Our guide, Eric Antonio Martinez (mirmidons_1987 AT yahoo.com)(http://mexico-birding.com/), picked us up promptly at the hotel at 6 AM on May 15 and took us to a riparian area near his home town of Teotitlán del Valle east of Oaxaca city. We explored this stream area on foot for a few hours. Here's the rest of the birding group, with Eric on the left.
The riparian area ran through arid scrub, and the combination had the birds in abundance. Highlights for me were Gray-fronted Woodpecker, Dusky Hummingbird (none of the field guides seem to do a good job illustrating this bird), Pileated Flycatcher, Boucard's Wren, Bridled Sparrow, and the social, chattering endemic White-throated Towhee. Here's the scenery:
And a few birds, starting with the stunning Bridled Sparrow, one of the showiest New World Sparrows. Love the white malar and black chin, and those rufous highlights!And here's Boucard's Wren, widespread in this habitat but not seen at higher elevations.
Here's a Pileated Flycatcher - elusive in the winter, but in May singing and putting on a show for us.After birding the lowlands, and a small presa or reservoir we headed through town to a higher elevation area where the oaks were starting to come in. We heard but did not see Dwarf Vireo, but had excellent looks at West Mexican Chachalacas, Golden Vireo, and Blue Mockingbird. Then it was on up the mountain (the Sierra Juarez) to pine-oak forest, and more endemics including this White-striped Woodcreeper. We went on up into the pine-oak - watching a mix of familiar and unfamiliar birds, Red-shafted Flicker, Mountain Trogon, Crescent-chested Warbler, Slate-throated Redstart, Collared Towhee, Lincoln's Sparrow, and a host of beautiful songsters - Orange-billed and Rufous-capped Nightingale-Thrushes and Brown-backed Solitaire.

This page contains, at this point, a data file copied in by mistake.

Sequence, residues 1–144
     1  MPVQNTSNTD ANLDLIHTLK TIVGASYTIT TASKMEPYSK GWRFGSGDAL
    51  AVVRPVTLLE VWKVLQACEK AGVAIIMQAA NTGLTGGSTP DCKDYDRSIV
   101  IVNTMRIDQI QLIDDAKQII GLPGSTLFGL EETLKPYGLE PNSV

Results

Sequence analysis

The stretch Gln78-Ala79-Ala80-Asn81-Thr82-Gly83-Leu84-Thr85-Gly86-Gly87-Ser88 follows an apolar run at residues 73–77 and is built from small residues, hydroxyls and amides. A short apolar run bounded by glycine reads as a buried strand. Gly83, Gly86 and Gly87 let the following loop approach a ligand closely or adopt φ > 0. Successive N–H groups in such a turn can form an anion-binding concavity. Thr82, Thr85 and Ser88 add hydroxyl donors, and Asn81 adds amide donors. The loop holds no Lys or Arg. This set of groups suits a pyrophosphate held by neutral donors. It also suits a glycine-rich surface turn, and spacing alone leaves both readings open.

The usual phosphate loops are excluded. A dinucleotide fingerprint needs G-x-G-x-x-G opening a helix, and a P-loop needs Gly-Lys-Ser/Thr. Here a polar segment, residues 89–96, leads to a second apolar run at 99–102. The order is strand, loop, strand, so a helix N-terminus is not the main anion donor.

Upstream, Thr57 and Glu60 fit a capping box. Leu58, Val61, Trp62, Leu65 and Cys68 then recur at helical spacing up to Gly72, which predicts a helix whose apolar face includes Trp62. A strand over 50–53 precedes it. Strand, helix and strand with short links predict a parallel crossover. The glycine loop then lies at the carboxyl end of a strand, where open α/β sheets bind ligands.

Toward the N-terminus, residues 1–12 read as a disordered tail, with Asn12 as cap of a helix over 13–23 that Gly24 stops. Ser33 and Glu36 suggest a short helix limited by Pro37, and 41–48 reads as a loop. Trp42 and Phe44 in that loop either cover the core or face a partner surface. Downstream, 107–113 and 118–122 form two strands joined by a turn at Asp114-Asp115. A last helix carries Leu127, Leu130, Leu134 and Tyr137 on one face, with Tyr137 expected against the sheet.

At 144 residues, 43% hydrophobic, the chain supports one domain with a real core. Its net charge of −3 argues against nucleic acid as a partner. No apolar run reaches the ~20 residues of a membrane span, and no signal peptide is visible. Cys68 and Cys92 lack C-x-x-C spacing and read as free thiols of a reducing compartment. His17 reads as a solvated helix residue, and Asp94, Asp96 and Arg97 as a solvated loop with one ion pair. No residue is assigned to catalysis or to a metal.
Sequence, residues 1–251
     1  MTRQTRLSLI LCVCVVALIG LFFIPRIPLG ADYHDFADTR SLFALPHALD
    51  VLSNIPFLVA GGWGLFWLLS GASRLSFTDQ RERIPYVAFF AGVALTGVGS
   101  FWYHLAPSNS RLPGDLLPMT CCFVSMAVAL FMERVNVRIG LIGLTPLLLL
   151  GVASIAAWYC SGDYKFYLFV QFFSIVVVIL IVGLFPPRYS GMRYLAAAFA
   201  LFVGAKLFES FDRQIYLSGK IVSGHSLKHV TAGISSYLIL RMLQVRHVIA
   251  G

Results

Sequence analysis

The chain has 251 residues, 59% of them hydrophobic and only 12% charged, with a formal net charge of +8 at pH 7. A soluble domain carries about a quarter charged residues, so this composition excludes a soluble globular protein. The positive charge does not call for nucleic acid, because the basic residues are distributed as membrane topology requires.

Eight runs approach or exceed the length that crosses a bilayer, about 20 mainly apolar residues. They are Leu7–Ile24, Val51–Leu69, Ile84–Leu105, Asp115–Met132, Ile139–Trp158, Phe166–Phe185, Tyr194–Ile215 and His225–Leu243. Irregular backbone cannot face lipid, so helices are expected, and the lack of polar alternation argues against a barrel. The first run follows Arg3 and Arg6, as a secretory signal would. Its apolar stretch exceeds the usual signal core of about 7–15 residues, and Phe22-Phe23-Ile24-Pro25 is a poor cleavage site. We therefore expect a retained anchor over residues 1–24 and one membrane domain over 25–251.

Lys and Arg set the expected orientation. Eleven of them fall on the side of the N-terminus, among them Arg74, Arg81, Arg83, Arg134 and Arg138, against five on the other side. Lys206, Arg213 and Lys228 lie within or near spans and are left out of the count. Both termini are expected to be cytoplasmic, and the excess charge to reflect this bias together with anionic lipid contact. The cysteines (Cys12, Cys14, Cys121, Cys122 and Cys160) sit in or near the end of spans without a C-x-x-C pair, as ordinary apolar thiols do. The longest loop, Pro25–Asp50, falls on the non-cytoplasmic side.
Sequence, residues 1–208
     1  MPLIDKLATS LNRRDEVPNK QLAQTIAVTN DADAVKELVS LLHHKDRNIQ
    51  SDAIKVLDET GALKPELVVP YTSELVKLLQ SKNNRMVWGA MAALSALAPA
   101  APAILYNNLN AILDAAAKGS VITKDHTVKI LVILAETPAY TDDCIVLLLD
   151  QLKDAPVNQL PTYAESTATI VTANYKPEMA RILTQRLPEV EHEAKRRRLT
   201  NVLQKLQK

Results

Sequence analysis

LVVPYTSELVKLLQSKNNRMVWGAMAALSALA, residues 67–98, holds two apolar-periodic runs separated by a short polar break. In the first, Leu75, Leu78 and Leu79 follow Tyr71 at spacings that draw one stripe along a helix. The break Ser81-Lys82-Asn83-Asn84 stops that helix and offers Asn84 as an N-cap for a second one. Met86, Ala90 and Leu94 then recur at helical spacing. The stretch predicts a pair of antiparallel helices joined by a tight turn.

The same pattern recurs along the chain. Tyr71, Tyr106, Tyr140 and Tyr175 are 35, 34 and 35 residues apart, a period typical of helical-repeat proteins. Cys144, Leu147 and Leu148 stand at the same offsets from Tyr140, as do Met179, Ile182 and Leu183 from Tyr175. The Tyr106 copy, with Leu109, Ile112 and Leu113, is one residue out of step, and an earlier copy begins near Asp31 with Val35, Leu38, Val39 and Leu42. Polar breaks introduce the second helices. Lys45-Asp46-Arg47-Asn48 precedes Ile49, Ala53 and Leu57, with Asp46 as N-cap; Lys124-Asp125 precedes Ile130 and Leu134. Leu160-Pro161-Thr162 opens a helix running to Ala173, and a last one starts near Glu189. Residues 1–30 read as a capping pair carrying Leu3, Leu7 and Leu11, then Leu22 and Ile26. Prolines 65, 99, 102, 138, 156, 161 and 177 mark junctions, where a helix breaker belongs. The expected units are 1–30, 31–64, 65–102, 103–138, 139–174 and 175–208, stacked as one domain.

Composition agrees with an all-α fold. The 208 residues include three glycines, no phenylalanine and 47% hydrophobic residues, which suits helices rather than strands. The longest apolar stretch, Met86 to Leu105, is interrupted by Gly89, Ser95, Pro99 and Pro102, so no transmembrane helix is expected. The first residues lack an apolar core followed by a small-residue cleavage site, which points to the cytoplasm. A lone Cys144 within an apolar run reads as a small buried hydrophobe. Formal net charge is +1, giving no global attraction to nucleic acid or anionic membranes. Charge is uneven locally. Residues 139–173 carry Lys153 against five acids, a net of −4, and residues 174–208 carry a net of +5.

Lunch was at the town of Benito Juarez, where we had a late lunch at the local restaurant and saw Cinnamon-bellied Flowerpiercer, Black-headed Grosbeak, Red Warbler, and more before heading back down birding our way back to town. Back in Teotitlán del Valle we visited a high-end weaver as the town is known for the many weavers who dye and weave wool into rugs. The wares were well out of a biologists price range (up to $3000 US) but were stunning.
Our last stop was a sidetrack to a nearby mountain range racing the thunderstorms to look for a Fulvous Owl that had been found previously. We were able to hear it hooting, like a monotone Barred Owl, but did not see it (today!). With lighting and thunder all around it was not surprising the owl didn't come out for us. We returned to the hotel at about 9:30 PM (!). It was a long day but a great one.
We had previously arranged five more days birding in Oaxaca after the meeting - stay tuned!
One last highlight was a migrant Black-billed Cuckoo found by Sherry.